The first derivative of a convex combinations of two diffeomorphisms, the first derivative is the convex combination of derivatives, plus a correction term of the difference of derivatives applied to the gradient of the convex coefficient. Convex combinations of more terms are similar. In any case, if you bound the maximal gradient of a partition of unity, you can get an explicit bound for collections of first derivatives of local diffeomorphisms guaranteeing that there compostion is diffeomorphism.

I think a bigger issue to watch for is the difficulty in practice to give an actually valid atlas for an abstract manifold that doesn't start life already embedded in $\mathbb R^m$. For two overlapping charts, an approximate diffeomorphism is fine. However, when three charts overlap, in principle the overlaps must satisfy a cocycle condition. In practice, there aren't many good choices of classes of gluing maps that are simply described and have reasonable group laws; note in particular that convex combinations disrupt relationships of compositions.

One solution is, to define how an intersection of $m$ charts patch together, work in the product of the collection of local coordinates, $\mathbb R^{nm}$. Build the graph of the relation among all the charts at once, rather than doing it pair by pair. Consistency is straightforward to arrange using partitions of unity on the graphs. Even for an overlap of two charts, rather than specify a diffeomorphism which may be hard to invert explicitly, specify the graph of a diffeomorphism, which is trivial to invert.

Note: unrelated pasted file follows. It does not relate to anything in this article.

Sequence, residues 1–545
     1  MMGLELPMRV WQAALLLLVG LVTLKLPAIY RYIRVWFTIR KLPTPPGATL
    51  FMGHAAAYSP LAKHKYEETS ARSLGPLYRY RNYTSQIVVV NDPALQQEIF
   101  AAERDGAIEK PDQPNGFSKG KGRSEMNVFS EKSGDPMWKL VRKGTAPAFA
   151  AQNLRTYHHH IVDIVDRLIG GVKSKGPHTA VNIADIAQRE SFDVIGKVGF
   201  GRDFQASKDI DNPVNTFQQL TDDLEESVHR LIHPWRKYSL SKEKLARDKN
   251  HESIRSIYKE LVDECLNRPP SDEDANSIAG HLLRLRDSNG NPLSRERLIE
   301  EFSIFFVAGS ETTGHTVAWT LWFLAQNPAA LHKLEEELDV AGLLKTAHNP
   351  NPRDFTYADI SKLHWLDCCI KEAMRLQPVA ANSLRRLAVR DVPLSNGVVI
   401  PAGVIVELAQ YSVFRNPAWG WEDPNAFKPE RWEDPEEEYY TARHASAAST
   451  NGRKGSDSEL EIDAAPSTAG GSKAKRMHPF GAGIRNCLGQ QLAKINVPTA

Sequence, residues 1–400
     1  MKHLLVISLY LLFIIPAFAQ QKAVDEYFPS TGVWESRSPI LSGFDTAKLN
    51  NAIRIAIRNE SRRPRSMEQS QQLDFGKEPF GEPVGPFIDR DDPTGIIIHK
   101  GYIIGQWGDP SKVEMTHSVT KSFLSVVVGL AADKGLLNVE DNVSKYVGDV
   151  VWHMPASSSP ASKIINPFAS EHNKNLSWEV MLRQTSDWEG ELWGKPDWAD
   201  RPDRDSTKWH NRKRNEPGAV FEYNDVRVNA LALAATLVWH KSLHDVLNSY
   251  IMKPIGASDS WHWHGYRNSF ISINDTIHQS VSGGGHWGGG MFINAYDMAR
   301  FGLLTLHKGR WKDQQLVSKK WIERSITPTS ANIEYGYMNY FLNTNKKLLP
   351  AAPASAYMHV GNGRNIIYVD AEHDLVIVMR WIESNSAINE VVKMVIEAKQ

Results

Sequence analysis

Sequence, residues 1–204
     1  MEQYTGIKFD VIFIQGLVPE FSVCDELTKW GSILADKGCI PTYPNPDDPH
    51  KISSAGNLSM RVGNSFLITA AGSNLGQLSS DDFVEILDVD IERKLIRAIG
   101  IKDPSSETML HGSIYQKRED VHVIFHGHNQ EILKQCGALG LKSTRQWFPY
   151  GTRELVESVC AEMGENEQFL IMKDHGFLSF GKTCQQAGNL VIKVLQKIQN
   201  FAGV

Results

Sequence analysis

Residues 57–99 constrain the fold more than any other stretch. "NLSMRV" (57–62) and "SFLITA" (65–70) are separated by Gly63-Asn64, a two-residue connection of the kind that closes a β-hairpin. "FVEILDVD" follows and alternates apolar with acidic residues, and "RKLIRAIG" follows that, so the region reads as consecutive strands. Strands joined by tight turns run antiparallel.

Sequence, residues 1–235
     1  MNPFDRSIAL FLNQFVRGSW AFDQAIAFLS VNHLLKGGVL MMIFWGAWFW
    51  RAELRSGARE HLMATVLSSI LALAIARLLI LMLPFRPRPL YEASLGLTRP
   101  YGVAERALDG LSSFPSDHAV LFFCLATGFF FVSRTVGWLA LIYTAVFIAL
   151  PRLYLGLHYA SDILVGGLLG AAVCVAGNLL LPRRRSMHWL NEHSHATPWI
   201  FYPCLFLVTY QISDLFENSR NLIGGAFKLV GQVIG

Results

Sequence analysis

For the specific question of extending a diffeomorphism defined on a small ball: there is a standard technique that works if you use one of Goodwillie's suggested modifications. The set of differentiable embeddings of a ball in $\R^n$ retracts to the set of linear embeddings by conjugating with a family of contractions, $\phi_t(x) = \phi((1-t) x)/(1-t)$. The set of linear maps retracts to orthogonal maps, using a parametrized Gramm-Schmidt process. Every orhtogonal map is homotopic to either the identity, or some chosen reflection. Then, apply the isotopy extension theorem to make all of $\R^n$ move along with the moving embedding. You can compress everything that happens into the unit ball.

You could also do this in another way: For any neighborhood $U$ of the identity in $GL(n,R)$, any diffeomorphism that is isotopic to the identity can be expressed as the composition of elements in the small ball (and conversely). You can make a sequence of overlapping annular coordinate charts, where in the main part of each one you use an initial segment of the composition. The overlap maps is now in a small neighborhood where the convex combination principle works.

One more remark: in the particular case of dimension 2, if you define a lift of the derivatives to the universal cover of SL(2,R), then there is an averaging process for derviatives that always works, using complex logarithmic coordinates for the plane minus the origin. In the particular case of dimension 3, the universal cover of $SO(3)$ is the group of unit quaternions, homeomorphic to $S^3$, so there is an averaging procedure in that group (and by quadratic form manipulation, in $SL(3,R)$ which works much better than averaging in the obvious coordinates. Among other things, this is very useful for motion control. We used to get workable mathematical specifications for segments of the video Outside In. [``We'' primarily means the actual implementers---I especially recall discussions about the difficulties and solutions with my son Nathaniel Thurston].

  • $\begingroup$ Thank you very much -- there's a lot of useful information packed into that answer. $\endgroup$ Sep 16, 2010 at 3:09
  • $\begingroup$ This answer is really interesting for me. Are there references where the various details are explained? $\endgroup$ Jan 19, 2012 at 7:18